ATHENS, Georgia -- The paint wasn't even dry on Georgia's 45-21 victory over rival Georgia Tech this past weekend before Bulldogs defensive lineman Jonathan Ledbetter was asked about you-know-what.
"What do you think when someone says, 'Second-and-26'?" he was asked.
"I mean, of course you know what I think. I know what game that is from last year, and it does have a little bitter taste in my heart, and my whole soul," Ledbetter said. "But if you focus on that, on the past, then you automatically lose in the present."
It has been nearly 11 months since Alabama quarterback Tua Tagovailoa heaved a 41-yard touchdown pass to DeVonta Smith on second-and-26 -- the final play of the Crimson Tide's 26-23 victory over the Bulldogs in overtime in the College Football Playoff National Championship at Mercedes-Benz Stadium in Atlanta.
The play propelled Alabama to its 17th national championship and fifth in nine years -- and denied Georgia its first since 1980.
"I just remember being on the sideline and seeing them score," Bulldogs linebacker D'Andre Walker said. "That was that."
In Alabama, the iconic moment has been memorialized on jerseys, T-shirts and license plates. For nearly a year, Crimson Tide fans have trolled UGA fans with second-and-26 memes on social media, and Alabama's marching band spelled out the down and distance during its halftime show at the season opener against Louisville.
Feb. 26 is practically a state holiday in Alabama now.
But while second-and-26 became yet another memorable moment in Alabama's storied history, it's a play the Bulldogs and their fans would prefer to forget.
As the No. 1 Crimson Tide and No. 4 Bulldogs prepare to play again in Saturday's SEC championship game in the same stadium, it's not something Georgia's players and coaches are eager to discuss.
"Last year has nothing to do with this next game coming up," Bulldogs tailback Elijah Holyfield said.
The end of the previous meeting between the teams was so sudden and dramatic -- the Bulldogs had a 23-20 lead when Ledbetter and linebacker Davin Bellamy sacked Tagovailoa on the play prior to second-and-26 -- it took a while for the losers' pain to truly sink in.
"That's something you'll never get over," cornerback Deandre Baker said.
Baker was on the other side of the field when a busted coverage led to Alabama's winning touchdown. Cornerback Malkom Parrish failed to jam Smith at the line of scrimmage, and Tagovailoa looked off senior safety Dominick Sanders, who was standing in the middle of the field. When Sanders failed to slide to his right side to help, Tagovailoa fired a deep pass to Smith, who was wide open to catch the winning score.
What lesson might the Bulldogs learn from one of the most painful plays in their history?
"That lesson was learned the day we installed that defense," Georgia coach Kirby Smart said. "I mean when you play Cover 2 and you play halves, you got a guy over the top of another guy and you got a guy in the flat, and the guy in the flat should jam and reroute and the guy in the half should be in the half."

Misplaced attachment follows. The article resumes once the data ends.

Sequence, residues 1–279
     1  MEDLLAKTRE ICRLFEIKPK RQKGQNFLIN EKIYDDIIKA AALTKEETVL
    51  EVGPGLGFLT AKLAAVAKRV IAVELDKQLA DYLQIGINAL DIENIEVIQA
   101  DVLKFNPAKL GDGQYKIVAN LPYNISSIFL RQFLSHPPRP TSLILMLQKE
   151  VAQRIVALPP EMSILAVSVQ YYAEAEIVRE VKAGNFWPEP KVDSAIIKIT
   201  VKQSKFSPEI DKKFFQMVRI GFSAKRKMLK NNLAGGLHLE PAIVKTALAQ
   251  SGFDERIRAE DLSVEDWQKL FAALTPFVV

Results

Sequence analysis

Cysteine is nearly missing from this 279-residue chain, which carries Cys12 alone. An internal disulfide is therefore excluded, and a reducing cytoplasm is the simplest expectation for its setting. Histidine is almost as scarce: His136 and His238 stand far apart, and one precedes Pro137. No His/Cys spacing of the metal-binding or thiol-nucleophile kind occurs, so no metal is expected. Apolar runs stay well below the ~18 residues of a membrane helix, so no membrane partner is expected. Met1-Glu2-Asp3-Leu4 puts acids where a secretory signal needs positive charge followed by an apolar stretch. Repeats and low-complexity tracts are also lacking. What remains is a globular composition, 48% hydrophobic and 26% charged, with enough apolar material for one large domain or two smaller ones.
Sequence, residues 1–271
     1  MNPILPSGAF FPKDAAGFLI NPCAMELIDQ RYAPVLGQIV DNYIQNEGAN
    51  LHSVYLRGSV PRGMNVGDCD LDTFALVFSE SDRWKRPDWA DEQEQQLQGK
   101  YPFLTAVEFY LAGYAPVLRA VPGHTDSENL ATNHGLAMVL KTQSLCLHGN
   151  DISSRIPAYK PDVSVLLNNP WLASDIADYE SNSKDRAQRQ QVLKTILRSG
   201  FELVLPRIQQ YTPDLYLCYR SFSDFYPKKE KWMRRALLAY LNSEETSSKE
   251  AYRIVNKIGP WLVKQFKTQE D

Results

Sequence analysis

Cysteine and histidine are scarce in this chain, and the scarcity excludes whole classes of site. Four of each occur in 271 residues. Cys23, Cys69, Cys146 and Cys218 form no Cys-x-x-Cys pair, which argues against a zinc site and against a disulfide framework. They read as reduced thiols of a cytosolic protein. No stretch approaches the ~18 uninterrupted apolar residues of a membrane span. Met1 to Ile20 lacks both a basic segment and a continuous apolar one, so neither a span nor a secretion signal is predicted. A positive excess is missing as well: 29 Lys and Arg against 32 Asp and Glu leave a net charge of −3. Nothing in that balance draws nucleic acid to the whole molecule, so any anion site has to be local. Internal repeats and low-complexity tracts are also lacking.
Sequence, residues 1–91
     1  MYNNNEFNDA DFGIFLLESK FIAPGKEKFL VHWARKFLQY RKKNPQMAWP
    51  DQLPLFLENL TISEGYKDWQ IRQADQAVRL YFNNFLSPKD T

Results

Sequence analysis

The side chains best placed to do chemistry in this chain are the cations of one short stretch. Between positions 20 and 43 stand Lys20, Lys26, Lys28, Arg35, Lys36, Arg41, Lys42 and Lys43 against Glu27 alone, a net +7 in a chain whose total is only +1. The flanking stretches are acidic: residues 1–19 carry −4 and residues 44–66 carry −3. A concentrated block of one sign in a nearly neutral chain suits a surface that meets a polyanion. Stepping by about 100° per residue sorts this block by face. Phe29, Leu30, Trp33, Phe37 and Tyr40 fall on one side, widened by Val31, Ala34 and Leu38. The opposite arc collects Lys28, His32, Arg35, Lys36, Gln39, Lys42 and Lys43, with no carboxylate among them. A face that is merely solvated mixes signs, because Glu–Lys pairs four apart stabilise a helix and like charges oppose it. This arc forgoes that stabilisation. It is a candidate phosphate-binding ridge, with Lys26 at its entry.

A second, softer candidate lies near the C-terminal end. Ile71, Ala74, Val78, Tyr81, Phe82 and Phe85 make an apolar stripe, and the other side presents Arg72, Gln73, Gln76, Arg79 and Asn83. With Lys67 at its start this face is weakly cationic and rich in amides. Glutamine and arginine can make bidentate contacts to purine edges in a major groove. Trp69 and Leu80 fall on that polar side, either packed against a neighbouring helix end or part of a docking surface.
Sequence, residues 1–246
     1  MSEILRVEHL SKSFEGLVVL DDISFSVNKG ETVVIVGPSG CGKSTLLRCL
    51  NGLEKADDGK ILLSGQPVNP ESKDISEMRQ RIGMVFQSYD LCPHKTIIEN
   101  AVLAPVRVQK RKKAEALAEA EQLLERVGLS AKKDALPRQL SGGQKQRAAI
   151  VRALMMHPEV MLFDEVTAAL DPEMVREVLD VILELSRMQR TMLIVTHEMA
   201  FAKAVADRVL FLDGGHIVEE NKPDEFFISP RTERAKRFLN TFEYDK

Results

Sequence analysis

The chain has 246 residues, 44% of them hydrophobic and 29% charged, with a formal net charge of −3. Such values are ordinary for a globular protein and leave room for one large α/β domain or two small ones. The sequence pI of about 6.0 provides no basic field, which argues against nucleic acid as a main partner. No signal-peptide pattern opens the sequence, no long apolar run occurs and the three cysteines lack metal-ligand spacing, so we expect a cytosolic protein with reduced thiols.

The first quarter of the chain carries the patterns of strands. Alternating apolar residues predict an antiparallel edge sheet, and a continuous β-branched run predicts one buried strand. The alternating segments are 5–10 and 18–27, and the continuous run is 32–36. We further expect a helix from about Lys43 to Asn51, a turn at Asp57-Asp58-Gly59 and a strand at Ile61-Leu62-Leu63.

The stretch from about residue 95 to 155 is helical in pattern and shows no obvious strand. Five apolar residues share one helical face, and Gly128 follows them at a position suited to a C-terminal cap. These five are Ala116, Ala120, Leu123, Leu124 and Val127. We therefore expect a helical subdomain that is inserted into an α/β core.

Still, Smart said it would be unfair to blame the outcome on one play. Georgia squandered a 13-0 lead, turned it over twice and managed only a touchdown in the second half.
"There's nothing about that game that you learned because that game came down to more than just that," Smart said. "I mean, that's just what people remember the most."
Smart said the outcome might have been much different if Tagovailoa had played the entire game instead of only the second half and overtime. After the Bulldogs shut down Alabama's offense in the first half, Tide coach Nick Saban benched starter Jalen Hurts and replaced him with Tagovailoa, who had played sparingly as a freshman.
Tagovailoa completed 14 of 24 passes for 166 yards with 3 touchdowns and 1 interception after halftime.
"I guess you could argue if it had been Tua for the whole game, would it have been like that?" Smart said. "That's a realist thinking and a realist talking."
As soon as second-and-26 happened, it seemed inevitable that the Bulldogs and Crimson Tide would be back in Atlanta once the 2018 regular season ended.
"The whole year, we're just trying to get back to the SEC championship [game]," Holyfield said. "It wasn't really [about] who we play -- we just wanted to get back there. I think more than anything this year, we're just trying to focus on this game."
The winner of Saturday's SEC title game seems assured of returning to the College Football Playoff. The loser might still be in the mix for one of the four CFP spots, depending on what happens in the other conference championship games.
The teams have changed dramatically, although Tagovailoa and Smith will both be back on the field for Alabama. Georgia lost star tailbacks Nick Chubb and Sony Michel, Butkus Award winner Roquan Smith and a handful of other starters, including Parrish and Sanders.
Smart doesn't think avenging second-and-26 will be much of a motivation because the Bulldogs are so different.
"We have to put the best plan together we can to play our best game against Alabama," Smart said. "Not the Alabama last year, not the Georgia last year. So that's motivation for a lot of people. And that's the media talk. But for us, it's what do I have to do to play my best game. That's what I want to work on."
Of course, TV replays of second-and-26 will still be played over and over again before Saturday's kickoff. Smart and his players have seen it numerous times since last season, and even more often as Tagovailoa has become the leading Heisman Trophy contender.
"It helps you grow up," Ledbetter said. "Like I said, those tight games come down to inches. At the least, very, very small inches at the end of the game or even throughout the game. You just have to seize those opportunities and make sure that they're in your favor and not the other team. You really just have to do whatever you want and whatever you can to make sure they come your way."